Recently The Spectator sent me undercover inside Ron DeSantis’s Disney World. Allow me to explain.

Back in April, Florida lawmakers voted to dissolve the so-called Reedy Creek Improvement District. Reedy Creek, for those unfamiliar with the seamy world of crony capitalism, was a self-governing enclave within Orlando, Florida, run by the Disney corporation. It had been set up to allow Disney World to effectively function as its own nation-state, setting its own rules, levying its own taxes, even administering its own public services.

Reedy Creek was established in 1967. It was part of Walt Disney’s original vision...

Recently The Spectator sent me undercover inside Ron DeSantis’s Disney World. Allow me to explain.

Back in April, Florida lawmakers voted to dissolve the so-called Reedy Creek Improvement District. Reedy Creek, for those unfamiliar with the seamy world of crony capitalism, was a self-governing enclave within Orlando, Florida, run by the Disney corporation. It had been set up to allow Disney World to effectively function as its own nation-state, setting its own rules, levying its own taxes, even administering its own public services.

Reedy Creek was established in 1967. It was part of Walt Disney’s original vision for his parks, which was exceedingly ambitious, seeing, for example, EPCOT Center as growing into its own autonomous futuristic city. Yet fifty-five years later that vision has not held up. EPCOT now smacks less of the future than of what the Eighties thought the Nineties might look like. And Walt’s cheery capitalism has been replaced by a new creed: wokeness.

So it was that earlier this year, Disney issued a statement attacking a new Florida law that prohibits the teaching of LGBTQ sexuality to kindergartners. For Governor Ron DeSantis and other Sunshine State Republicans, it was the last straw — they retaliated by ending Reedy Creek’s special status.

Put in those terms, the move might seem like a reasonable measure to rein in an increasingly ideological mega-corporation. But was there more to the story? Was the end of Reedy Creek really a proportionate response to woke capitalism, or was it something more sinister? Regime change, perhaps. Was Disney World now under Republican occupation? As a journalist so intrepid I sometimes use both Twitter and Facebook at the same time, I was just the man to find out what was really happening inside the happiest place on earth.

My undercover reporting began on Main Street USA, the little avenue that leads into Disney’s Magic Kingdom theme park. I decided to pop into a local shop, the Emporium, where I immediately spotted that most obvious sign of Republican influence: price-gouging. Want to buy a cute Minnie Mouse doll for your daughter? That will be $28, please. A tote bag was marked up to $40 while a Disney board game was a whopping $50.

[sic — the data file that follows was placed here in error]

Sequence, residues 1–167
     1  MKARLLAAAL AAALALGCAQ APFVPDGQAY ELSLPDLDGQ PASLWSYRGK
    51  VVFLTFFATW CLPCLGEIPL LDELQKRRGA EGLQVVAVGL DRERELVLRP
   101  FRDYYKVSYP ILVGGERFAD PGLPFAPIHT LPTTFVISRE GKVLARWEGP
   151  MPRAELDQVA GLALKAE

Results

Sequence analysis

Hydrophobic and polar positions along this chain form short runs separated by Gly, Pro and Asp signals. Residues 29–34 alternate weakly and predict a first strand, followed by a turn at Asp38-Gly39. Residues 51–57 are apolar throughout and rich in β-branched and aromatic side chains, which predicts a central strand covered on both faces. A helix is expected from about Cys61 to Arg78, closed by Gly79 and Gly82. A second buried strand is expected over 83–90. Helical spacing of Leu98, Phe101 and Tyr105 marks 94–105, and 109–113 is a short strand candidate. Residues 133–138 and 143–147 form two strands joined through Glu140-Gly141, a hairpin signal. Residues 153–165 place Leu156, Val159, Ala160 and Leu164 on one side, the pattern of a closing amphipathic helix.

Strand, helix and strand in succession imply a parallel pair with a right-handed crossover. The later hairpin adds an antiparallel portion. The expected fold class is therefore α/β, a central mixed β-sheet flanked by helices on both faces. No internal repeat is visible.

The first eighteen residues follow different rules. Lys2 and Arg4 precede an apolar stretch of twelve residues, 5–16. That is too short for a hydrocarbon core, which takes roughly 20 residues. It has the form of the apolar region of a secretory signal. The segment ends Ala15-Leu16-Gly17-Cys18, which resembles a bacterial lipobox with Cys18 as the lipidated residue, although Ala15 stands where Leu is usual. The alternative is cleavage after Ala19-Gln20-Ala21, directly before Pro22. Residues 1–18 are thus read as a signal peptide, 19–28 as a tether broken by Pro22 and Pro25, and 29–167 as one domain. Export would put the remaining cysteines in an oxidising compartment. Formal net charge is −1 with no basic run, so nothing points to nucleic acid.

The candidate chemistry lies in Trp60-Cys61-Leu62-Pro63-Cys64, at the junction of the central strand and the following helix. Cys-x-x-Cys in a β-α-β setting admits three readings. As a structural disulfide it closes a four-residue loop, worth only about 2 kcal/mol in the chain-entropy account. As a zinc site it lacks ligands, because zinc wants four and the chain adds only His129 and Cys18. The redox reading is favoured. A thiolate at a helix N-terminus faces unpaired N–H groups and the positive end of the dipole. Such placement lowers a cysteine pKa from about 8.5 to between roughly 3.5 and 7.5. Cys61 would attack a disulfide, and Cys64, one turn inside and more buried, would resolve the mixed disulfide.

Just like what Republican CEOs are doing to our gas prices, I thought.

“Can I help you, sir?” asked a salesman wearing an unreasonable number of pins. “No, I’m good,” I said, and headed for the door.

I headed back out into the Florida sun before suddenly stopping in shock. Looming at the end of Main Street USA was a castle. It was painted white (doesn’t that just figure) with Gothic spires that stretched toward the sky like a million middle fingers to the dis-enfranchised. The thing was almost too awful to behold. Republicans had been in charge for only a month and already they’d brought back feudalism. Wait until my readers hear about this, I thought.

I set out toward the castle, determined to seek out those who had been made into serfs by this arrangement. It didn’t take long. From out of nowhere emerged what had to be the most unfortunate creatures I had ever seen. They were about my height, sporting white beards and — this is always a red flag — made almost entirely of latex, yet they were also stunted somehow, miniaturized. There were seven of them and they kept waving at everyone as though under surveillance. They maintained their composure, though one of them looked a bit… grumpy.

“Blink if you need help,” I whispered to him.

He put his hands on his hips, shook his finger at me, and walked away.

Elsewhere in the Magic Kingdom, I found further evidence of Republican authoritarianism. A check of a map showed that the park had been redlined, carved up into districts with strange names, Fantasyland and Tomorrowland. In Fantasyland, I watched a performance of “It’s a Small World,” little more than a minstrel show. In Adventureland, right-wing profiteering was so rampant that some Caribbeans had turned to piracy.